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Military Miniatures - Converting Commercial Figures

( Originally Published Mid 1950's )



Converting is a term used in the military miniature fraternity to describe the revamping of an inexpensive commercial figure into a fine detailed example of a particular person or soldier of a regiment with all the correct equipment and uniform colors. Not only military miniature hobbyists, but all persons interested in the creative hobbies have converted inexpensive commercial items to improve their appearance and increase their use. In some cases this period of conversion is just a stepping stone for the hobbyist on his way to the creating of his own original figures, and in other cases the collector becomes so proficient in the conversion of commercial figures that he devotes his entire collection to superb little masterpieces which he has rebuilt from inexpensive toy soldier sets.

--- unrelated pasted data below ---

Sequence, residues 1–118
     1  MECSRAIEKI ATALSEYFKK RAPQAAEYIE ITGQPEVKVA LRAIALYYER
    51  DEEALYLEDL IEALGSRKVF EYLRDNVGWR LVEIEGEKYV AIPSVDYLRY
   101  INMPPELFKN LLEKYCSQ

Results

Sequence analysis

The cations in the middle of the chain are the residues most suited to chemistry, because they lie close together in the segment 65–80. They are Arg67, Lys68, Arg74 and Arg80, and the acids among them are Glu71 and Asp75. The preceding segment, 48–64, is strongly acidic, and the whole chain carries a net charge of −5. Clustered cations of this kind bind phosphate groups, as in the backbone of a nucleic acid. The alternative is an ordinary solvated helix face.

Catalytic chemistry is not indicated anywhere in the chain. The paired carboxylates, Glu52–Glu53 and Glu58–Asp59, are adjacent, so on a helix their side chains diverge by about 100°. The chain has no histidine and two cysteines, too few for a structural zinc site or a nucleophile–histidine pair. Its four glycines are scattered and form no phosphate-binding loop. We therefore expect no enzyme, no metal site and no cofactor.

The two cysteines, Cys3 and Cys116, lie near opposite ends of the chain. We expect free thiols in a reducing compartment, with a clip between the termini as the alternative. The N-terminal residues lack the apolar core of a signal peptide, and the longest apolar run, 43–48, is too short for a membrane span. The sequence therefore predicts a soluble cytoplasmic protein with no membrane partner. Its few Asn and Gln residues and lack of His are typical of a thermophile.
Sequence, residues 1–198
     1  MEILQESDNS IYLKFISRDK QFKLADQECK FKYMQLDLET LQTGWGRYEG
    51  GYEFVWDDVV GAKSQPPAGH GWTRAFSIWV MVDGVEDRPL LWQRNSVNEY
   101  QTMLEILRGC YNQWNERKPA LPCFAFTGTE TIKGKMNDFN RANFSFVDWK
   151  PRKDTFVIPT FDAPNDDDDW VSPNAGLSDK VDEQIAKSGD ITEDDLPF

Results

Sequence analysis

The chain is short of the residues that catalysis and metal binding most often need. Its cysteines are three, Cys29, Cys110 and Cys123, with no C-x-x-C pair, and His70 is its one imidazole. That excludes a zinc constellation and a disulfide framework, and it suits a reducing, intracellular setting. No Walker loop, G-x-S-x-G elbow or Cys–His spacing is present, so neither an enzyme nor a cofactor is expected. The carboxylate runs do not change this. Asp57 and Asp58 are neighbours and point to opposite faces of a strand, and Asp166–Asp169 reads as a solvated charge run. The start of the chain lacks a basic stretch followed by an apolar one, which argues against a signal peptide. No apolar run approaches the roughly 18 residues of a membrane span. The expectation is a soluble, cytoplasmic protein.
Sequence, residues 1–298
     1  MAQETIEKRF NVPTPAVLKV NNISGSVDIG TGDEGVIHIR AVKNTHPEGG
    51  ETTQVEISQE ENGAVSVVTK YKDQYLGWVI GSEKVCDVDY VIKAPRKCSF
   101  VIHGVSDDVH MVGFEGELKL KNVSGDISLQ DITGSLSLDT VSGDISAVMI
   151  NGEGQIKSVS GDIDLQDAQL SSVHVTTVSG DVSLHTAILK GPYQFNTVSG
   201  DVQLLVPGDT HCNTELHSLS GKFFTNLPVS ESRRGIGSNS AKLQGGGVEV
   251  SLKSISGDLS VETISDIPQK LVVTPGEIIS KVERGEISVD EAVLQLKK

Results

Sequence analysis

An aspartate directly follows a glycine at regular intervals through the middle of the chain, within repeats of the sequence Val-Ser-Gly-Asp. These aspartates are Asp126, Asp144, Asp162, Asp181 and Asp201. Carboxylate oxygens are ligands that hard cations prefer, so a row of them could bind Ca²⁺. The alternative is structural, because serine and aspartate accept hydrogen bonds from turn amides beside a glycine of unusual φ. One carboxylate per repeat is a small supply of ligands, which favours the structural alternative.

To explain just why a person becomes a military miniature enthusiast is impossible because there are many underlying reasons that draw people to these brightly colored little figures. It may be memory of playing with toy soldiers as a child, it may be caused by a visit to a historic battlefield or museum, or interest may be aroused by a motion picture, a television show or maybe the reading of a historical novel. The miniature fan's original interest may have been aroused through contact with collectors who had already found the hobby to be a source of fun and relaxation. No matter how the collector first noted little soldiers, the experience was not unlike a boy-discovers-girls episode. First he notices they are around, the more he sees them the more interesting and desirable they become; casual contacts and curiosity develop into enthusiasm, and all of a sudden POW! he's in love. Sometimes the first choice is the right one and he is happy for the remainder of his days; maybe the first choice wasn't what he expected, so he either tries to change the original or he attempts an entirely different type. But once the bug has bit, it's rare indeed for the victim to give up all interest. Usually he keeps on until he has found what he is looking for. True, there are those who develop a liking for a variety of types, but this often leads to confusion and great expense, which the average person would rather avoid.